Organist and machinist, it would seem Robert Rolston, aka Quintron, brings quite a bit to the table when performing with his wife Miss Pussycat.

The couple will be dropping in on the Pilot Light in the Old City tonight with Fine Peduncle, Daddy Don't and Shockwave Riderz.

The New Orleans artist has been pumping out noise rock since the '90s and frequently bills himself with his wife Panacea Pussycat. The two met in New Orleans and have opened up several different clubs together.

Miss Pussycat also holds great interest in puppet use. She opened up shows at her Pussycat Caverns venue by performing a puppet show set with her puppet band Flossy and the Unicorns. Quintron eventually joined her and they began playing together as a musical duo.

Bob Bucko, Jr., owner of Personal Archives records, said the duo mixes gimmicks and music.

"The grit and grime dripping off his bent Rhodes/Hammond hybrid more than make up for any guitar distortion, and the songs take you on a swampy detour through everything that's bad and dirty about rock 'n' roll," Bucko said. "Quintron somehow manages to surpass his admittedly innovative gimmicks with solid tunes and a bizarre sense of showmanship that is accentuated by the equally fantastical creations of Miss Pussycat."

Quintron has additionally invented multiple mechanical devices to assist him on stage. The duo's music consists of frequent organ use for which Rolston created "The Spit Machine." The device uses saliva as a tuning conductor for a hand organ.

Rolston's most famous creation, Drum Buddy, is a light activated drum machine that also has its own infomercial show. Drum Buddy backs Miss Pussycat in various puppet shows from time to time.

"I've always built my own equipment," Quintron told Radio Lomax in Oct. 2012. "Everything I have is either changed by me or built. I think if your really looked into it, I think most bands, most musicians... every band specialize their equipment in some way, I just took it to an extreme."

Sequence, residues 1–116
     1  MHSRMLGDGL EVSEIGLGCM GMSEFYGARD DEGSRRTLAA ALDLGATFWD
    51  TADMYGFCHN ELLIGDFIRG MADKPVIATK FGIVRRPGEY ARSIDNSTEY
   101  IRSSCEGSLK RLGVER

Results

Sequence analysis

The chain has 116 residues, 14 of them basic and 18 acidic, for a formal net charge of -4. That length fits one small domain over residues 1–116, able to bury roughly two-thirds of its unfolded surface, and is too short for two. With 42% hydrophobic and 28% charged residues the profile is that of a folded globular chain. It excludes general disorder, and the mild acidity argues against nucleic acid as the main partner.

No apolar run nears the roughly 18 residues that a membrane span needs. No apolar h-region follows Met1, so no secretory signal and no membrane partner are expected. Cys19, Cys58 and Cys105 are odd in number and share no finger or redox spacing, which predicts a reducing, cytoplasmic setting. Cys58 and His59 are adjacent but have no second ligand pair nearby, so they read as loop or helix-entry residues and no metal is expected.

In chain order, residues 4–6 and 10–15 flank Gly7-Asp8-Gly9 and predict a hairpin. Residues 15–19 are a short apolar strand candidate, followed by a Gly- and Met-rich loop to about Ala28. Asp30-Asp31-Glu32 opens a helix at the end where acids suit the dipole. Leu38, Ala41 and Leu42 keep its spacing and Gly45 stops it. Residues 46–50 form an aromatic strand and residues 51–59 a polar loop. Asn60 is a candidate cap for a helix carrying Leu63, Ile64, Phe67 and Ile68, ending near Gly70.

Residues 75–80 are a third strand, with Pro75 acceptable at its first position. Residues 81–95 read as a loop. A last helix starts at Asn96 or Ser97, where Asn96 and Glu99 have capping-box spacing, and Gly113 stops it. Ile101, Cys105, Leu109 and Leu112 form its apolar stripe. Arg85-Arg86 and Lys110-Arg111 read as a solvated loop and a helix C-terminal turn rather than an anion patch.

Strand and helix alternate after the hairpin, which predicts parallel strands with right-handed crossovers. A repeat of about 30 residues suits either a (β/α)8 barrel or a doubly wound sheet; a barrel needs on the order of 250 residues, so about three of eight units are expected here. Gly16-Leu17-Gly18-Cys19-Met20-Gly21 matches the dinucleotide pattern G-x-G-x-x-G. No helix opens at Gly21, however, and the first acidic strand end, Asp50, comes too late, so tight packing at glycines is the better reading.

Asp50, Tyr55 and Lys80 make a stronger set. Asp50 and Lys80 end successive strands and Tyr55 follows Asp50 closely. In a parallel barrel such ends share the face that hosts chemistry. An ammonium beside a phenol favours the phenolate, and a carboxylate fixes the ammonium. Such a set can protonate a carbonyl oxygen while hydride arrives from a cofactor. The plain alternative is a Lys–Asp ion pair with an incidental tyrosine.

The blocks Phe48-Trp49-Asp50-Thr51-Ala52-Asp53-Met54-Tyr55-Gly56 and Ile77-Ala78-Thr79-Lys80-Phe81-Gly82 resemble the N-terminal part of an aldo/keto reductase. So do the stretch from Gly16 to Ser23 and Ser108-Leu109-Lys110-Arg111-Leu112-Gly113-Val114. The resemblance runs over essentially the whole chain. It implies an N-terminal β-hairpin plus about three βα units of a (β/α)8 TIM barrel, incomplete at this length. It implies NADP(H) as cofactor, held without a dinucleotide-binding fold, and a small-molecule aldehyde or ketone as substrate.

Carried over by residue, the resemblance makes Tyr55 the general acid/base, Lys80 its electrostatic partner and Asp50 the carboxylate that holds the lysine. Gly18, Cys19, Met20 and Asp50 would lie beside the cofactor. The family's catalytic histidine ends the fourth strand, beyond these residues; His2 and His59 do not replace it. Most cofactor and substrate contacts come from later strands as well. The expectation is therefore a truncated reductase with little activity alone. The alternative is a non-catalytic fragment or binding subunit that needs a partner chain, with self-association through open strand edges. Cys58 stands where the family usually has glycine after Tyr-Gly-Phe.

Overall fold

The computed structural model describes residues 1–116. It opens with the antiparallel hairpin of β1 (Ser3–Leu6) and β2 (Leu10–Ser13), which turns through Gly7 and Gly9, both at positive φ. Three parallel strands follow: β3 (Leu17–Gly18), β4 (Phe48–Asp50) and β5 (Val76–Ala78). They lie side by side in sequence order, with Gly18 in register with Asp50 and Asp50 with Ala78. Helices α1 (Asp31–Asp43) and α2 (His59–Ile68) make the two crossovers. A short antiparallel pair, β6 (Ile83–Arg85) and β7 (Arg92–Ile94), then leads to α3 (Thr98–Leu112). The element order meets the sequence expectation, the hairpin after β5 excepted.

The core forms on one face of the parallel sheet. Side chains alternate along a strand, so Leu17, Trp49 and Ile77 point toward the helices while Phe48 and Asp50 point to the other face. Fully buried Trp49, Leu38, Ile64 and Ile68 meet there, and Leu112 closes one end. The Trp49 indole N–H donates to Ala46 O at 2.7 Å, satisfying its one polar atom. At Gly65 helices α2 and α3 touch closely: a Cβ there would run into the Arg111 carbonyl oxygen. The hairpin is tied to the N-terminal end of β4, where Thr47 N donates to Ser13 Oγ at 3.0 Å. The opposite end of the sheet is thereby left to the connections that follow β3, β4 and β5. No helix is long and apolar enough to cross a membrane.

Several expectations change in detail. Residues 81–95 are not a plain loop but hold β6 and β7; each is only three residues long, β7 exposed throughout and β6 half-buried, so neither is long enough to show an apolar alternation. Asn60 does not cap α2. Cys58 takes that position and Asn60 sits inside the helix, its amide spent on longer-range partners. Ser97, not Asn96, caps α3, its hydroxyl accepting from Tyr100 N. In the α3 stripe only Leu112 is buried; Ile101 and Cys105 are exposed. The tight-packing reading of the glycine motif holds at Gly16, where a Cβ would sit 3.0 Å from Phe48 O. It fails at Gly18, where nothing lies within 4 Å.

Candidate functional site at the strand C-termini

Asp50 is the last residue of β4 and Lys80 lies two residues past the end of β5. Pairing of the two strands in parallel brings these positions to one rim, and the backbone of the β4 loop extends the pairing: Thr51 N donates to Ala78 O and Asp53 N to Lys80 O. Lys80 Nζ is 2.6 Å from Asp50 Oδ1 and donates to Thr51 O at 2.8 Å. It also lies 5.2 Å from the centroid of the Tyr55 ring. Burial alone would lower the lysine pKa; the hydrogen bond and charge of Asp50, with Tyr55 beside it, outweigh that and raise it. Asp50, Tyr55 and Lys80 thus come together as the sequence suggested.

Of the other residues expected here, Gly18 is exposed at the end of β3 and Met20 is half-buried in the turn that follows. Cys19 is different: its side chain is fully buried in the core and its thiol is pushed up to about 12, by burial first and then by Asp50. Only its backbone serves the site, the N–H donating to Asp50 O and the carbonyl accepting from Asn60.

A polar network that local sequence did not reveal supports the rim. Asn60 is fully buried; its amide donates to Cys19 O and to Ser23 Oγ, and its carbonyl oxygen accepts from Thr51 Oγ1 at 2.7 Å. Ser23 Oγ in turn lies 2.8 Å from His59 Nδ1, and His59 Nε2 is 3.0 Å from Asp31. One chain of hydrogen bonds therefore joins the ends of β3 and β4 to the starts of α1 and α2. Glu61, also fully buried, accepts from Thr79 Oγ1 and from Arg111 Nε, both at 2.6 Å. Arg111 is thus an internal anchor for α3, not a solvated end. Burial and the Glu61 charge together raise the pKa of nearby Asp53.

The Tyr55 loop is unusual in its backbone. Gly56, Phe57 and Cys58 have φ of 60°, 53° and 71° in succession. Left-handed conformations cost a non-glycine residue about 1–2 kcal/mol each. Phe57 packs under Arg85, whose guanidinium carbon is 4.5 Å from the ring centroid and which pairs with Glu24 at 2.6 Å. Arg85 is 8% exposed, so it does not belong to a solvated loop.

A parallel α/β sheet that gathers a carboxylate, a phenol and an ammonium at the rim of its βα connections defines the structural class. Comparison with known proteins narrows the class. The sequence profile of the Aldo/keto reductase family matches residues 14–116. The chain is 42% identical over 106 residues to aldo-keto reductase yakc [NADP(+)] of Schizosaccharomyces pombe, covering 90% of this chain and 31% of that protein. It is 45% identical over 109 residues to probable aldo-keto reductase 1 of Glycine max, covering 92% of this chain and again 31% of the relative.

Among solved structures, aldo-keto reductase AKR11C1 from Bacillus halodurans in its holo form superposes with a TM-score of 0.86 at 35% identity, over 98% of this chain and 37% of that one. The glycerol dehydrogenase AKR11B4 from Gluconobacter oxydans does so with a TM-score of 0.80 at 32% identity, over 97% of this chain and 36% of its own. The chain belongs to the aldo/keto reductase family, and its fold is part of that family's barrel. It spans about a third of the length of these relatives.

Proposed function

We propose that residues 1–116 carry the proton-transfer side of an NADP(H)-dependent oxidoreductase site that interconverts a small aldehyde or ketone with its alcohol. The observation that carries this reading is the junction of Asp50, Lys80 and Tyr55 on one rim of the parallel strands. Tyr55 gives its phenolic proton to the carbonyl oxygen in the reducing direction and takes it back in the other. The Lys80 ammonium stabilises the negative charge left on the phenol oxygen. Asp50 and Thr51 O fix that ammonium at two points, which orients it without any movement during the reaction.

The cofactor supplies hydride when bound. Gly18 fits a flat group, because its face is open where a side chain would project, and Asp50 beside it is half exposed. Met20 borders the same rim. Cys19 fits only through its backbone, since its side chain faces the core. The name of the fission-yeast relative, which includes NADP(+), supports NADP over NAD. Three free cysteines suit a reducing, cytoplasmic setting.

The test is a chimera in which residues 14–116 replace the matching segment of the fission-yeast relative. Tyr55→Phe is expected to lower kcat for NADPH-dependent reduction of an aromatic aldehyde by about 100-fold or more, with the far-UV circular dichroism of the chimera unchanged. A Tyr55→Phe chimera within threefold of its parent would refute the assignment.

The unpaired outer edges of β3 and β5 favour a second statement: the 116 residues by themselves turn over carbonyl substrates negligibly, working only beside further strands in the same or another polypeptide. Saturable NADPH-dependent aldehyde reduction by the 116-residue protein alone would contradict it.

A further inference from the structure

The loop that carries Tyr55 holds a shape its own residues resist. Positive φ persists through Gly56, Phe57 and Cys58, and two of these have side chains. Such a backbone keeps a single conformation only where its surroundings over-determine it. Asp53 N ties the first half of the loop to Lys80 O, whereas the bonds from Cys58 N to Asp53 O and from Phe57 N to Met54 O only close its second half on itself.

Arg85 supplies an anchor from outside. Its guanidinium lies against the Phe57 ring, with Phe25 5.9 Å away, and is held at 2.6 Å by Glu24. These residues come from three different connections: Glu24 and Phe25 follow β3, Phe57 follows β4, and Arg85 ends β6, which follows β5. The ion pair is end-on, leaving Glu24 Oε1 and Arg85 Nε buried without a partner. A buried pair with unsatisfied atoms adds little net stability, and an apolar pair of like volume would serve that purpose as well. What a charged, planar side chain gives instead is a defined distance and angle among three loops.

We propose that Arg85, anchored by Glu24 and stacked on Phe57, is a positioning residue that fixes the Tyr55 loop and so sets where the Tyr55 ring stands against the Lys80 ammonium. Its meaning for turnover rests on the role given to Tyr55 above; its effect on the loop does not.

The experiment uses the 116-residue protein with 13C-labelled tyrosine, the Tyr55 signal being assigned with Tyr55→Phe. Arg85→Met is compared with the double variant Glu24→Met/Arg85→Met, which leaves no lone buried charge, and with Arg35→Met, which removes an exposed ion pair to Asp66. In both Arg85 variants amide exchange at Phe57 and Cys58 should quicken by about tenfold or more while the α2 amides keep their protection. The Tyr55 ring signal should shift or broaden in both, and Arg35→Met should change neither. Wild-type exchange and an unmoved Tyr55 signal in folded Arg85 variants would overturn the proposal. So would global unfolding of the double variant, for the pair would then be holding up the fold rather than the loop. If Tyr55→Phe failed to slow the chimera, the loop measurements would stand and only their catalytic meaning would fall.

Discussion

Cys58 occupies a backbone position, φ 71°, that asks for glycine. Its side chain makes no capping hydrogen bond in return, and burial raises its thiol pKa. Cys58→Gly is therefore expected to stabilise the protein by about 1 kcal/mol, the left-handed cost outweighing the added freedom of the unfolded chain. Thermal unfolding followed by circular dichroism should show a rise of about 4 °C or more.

The pair utilize Quintron's inventions while creating their analog sound that has developed its own genre known as "Swamp Tech."

The genre shares a name with their 2006 album described by Pitchfork's Brian Howe as "nasty, chicken-fried electro grooves ... through a pep rally of stupid/funny chant-alongs," in his Jan. 6, 2006 review.

"Swamp Tech" also presents Quintron and Miss Pussycat's own version of Kiss' "God of Thunder" on top of original scores, such as "Squirrel Garden" and "Love is Like a Blob."

When off tour, Quintron and Miss Pussycat run the Spellcaster Lodge in New Orleans' ninth ward. Rolston wrote a song entitled "9th Ward Breakdown" that predicted the massive human impact a disaster would have on the area years before Hurricane Katrina hit.

Supporting acts Fine Peduncle, Daddy Don't and Shockwave Riderz complement the unique sounds of the headliner with their own brands of hazy noise rock. Fine Peduncle and Daddy Don't both hail from the Knoxville area with Shockwave Riderz coming from Pittsburgh to join the lineup.

Jason Boardman of the Pilot Light said the show Quintron puts on is unlike any other.

"It's difficult to describe what an incredible show they put on," Boardman said. "Mr. Quintron is like a mad scientist with his flashing, spinning, homemade music devices, masquerading as a sleazy lounge organist. He's accompanied by surrealist puppeteer Miss Pussycat – and her puppets, as there is always a live puppet show mid set – singing backup and playing maracas.

"It's like a high-energy carnival sideshow act you can dance to. (It's) truly amazing."

The show starts at 10 p.m. for ages 18 and older. There is a $10 cover charge at the door.